Few things fall Magic’s way in rough home loss to Jazz

ORLANDO, Fla. — It was a rough night all the way around for the Orlando Magic.

Jameer Nelson got whacked in the nose by a stray elbow. Glen Davis banged knees with a Utah Jazz player, crumpled in a heap and then got run over by an official while trying to get up. Nikola Vucevic had three shots blocked at the rim and looked visibly frustrated. Victor Oladipo was nowhere close to being the best rookie on the floor.

Worst of all, Arron Afflalo could not be found on the premises.

After capturing a low-scoring, grind-it-out game Monday night at Chicago, the Magic dropped an almost identical style of contest Wednesday night to the Jazz. With Afflalo too sick to answer the call, their offense seemed equally under the weather in an 86-82 loss to a team ranked 26th in points allowed per game and last among 30 teams in defensive field-goal percentage.

“You have to have guys step up,” said Nelson, who missed an opportunity in the closing seconds to hit a shot which would have sent the game into overtime. “And I felt guys did that, at least in terms of playing through mistakes and sticking together. We’re down 22 points (a game) with him out. It’s tough.”

The only person to record Afflalo-type numbers was Jazz rookie guard Trey Burke, who knocked down four 3-point field goals on his way to 30 points. Aside from flourishes by Nelson early in the third quarter and E’Twaun Moore early in the fourth quarter, the Magic appeared lost at sea — or, to be more precise, in the painted area.

Seldom does a team miss 33 of 48 shots near the rim. But that’s what they did in what was supposed to be a winnable game to start a home stand which runs through New Year’s Eve.

“Obviously we miss Arron,” coach Jacque Vaughn said. “But I think we got some good looks and looks at the rim. You’ve got to give their defense credit. They contested shots at the rim also.”

Tobias Harris, who returned less than a week ago from a nagging injury to his left ankle, started at small forward in place of Afflalo. He finished with 14 points and 10 rebounds, but that all came in the first three quarters. The only numbers he registered over the final 5:59 were two missed shots and a turnover.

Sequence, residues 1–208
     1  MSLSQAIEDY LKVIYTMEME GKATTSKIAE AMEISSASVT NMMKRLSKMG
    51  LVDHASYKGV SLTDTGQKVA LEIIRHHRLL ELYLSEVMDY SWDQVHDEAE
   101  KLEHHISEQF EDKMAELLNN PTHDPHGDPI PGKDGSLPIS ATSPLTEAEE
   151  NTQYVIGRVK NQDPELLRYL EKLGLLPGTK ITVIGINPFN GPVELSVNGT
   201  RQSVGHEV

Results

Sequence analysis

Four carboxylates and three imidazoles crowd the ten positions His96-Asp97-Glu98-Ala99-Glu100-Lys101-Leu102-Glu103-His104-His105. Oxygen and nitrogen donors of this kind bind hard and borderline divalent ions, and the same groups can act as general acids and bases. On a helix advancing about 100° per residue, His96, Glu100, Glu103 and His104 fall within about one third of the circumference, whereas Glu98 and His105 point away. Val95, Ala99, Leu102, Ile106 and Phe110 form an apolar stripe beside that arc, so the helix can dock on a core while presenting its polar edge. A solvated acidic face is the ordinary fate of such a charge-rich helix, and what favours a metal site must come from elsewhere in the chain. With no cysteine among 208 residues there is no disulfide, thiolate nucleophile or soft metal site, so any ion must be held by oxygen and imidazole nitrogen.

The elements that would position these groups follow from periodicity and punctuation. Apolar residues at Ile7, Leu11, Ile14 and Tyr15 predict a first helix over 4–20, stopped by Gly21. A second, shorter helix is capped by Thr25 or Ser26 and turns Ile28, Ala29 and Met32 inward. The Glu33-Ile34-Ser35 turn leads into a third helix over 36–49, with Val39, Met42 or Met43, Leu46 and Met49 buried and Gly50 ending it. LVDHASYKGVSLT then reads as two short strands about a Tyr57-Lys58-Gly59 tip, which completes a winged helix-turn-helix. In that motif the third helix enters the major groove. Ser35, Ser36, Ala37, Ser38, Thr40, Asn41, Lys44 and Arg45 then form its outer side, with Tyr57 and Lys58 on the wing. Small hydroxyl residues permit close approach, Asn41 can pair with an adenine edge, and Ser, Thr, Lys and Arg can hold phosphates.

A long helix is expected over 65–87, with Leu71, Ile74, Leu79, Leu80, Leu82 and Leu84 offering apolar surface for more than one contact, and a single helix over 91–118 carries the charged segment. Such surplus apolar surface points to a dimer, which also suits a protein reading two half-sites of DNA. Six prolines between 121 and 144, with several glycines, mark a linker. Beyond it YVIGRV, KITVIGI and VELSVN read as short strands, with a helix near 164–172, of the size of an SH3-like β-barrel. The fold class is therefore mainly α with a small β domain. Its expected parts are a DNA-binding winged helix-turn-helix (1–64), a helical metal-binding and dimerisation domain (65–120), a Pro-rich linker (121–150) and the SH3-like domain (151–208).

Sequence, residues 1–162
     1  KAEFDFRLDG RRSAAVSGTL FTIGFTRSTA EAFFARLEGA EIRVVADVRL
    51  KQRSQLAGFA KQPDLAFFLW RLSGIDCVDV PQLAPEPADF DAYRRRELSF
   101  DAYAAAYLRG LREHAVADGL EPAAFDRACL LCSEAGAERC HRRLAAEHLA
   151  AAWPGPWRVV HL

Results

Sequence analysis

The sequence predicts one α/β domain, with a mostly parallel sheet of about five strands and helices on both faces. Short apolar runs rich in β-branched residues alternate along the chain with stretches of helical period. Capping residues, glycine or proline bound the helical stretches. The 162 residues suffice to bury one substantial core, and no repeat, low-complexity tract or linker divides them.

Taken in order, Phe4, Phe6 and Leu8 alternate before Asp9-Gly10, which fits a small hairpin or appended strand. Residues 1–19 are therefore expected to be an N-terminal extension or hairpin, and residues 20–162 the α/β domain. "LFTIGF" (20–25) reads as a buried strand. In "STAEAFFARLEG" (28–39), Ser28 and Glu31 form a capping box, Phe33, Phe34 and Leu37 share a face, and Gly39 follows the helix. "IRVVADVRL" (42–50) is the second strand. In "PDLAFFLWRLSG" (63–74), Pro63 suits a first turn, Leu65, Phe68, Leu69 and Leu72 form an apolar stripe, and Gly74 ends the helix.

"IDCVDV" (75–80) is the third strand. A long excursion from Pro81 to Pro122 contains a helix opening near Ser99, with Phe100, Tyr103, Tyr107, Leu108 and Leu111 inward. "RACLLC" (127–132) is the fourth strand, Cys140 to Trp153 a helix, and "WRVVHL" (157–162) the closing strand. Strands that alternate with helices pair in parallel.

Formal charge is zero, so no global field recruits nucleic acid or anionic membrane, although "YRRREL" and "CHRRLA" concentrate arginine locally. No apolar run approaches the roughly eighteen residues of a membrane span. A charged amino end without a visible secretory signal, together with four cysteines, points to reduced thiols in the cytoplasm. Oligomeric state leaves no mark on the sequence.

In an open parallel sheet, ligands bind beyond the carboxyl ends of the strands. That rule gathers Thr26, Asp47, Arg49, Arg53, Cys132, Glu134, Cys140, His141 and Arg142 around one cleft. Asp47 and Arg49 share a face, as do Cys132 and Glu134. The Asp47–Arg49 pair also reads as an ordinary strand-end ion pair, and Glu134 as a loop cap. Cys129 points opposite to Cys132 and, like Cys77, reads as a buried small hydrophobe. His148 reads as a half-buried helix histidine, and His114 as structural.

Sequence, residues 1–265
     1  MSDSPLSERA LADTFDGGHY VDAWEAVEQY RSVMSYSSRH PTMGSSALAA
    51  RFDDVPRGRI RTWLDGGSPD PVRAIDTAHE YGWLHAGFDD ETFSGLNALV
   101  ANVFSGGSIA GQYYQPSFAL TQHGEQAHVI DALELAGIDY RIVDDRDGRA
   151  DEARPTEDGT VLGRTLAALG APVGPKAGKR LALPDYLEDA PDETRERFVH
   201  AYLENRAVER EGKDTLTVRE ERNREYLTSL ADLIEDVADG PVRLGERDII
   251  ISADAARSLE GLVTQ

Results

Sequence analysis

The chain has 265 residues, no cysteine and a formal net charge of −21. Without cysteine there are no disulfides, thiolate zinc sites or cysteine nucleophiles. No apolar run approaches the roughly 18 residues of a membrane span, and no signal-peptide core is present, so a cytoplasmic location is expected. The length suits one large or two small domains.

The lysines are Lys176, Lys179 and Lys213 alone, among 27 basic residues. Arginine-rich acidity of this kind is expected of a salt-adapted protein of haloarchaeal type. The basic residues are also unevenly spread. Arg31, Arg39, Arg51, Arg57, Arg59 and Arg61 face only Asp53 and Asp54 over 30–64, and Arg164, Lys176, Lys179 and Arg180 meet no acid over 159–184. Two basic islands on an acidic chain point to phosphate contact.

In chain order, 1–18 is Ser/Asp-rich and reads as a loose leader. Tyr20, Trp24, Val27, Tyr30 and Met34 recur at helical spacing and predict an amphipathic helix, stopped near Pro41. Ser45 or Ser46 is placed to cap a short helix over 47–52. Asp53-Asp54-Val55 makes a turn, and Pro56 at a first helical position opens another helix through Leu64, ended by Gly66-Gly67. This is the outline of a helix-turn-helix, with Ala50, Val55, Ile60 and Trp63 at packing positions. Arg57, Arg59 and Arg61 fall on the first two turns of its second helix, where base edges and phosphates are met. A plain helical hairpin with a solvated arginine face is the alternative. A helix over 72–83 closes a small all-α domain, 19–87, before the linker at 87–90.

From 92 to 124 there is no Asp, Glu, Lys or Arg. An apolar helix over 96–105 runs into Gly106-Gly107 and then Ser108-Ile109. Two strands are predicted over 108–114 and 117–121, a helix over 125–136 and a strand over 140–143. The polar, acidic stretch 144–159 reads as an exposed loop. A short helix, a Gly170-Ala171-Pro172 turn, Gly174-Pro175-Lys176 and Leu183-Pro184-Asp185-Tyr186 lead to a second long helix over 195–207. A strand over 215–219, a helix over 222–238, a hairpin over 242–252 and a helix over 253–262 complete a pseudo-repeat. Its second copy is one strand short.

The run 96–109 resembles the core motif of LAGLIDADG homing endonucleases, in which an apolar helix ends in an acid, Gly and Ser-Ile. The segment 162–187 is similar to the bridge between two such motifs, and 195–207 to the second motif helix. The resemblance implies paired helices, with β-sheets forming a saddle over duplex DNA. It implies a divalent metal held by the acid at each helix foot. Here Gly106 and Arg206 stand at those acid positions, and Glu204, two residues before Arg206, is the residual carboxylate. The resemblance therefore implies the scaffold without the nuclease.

“I wouldn’t say I was winded,” he said. “But I was a little bit tired out there. I’m not going to lie.”

Harris caught everyone, including Magic management to some extent, by surprise with his scoring ability after being acquired from the Milwaukee Bucks in February. But what happened last season carries no weight now with Vaughn.

“At the end of the year, we didn’t have Jameer, we didn’t have Glen, and we didn’t have Arron,” he said. “He hadn’t even played with Glen. And to miss basically this entire year thus far but a few games, he’s learning to play with teammates. He’s learning where he fits in with us and how the team fits around him as well. There’s a lot of room, a lot of time for us to grow together. And it’s going to take some time for him to get back in a comfortable rhythm and to understand his role with this team.”

Offense can be a fickle thing. Two nights earlier, Burke missed all but one of his eight shots in 31 minutes at Miami. Against the Magic, he looked like the national player of the year at Michigan who often tormented Oladipo’s Indiana teams.

“When he’s comfortable, he’s very effective, as you all could tell,” Oladipo said. “After he hits the first few, he has a rhythm and that’s all she wrote from there. It’s just like in college. When he has a rhythm and it feels good, it’s going to go in.”

Nelson had that kind of feeling when Vaughn drew up a play for him with 10 seconds to go after the Jazz were called for a shot clock violation. But 6-foot-10 Derrick Favors, who was a thorn in Vucevic’s side all night long, altered the shot enough to where it bounced harmlessly off the rim.

“I got the shot I wanted,” Nelson said. “We executed well. I just missed the shot. I’ll take the same shot the next time and try to make it.”

It was all Oladipo could do to keep from crumpling a stat sheet which told his 1-of-12 shooting woes into a ball.

“You can have as many shots as you want,” he said. “But if you shoot the ball and it doesn’t go in, it just doesn’t go in. You’ve just got to keep shooting.”

Asked what advice he gave Oladipo afterward, Vaughn said: “Go get some liquids in you, get a good night’s sleep, come to work tomorrow. You’ve got Sacramento (on Saturday night) and a tough backcourt you’ve got to guard against. Life goes on, and here we go.”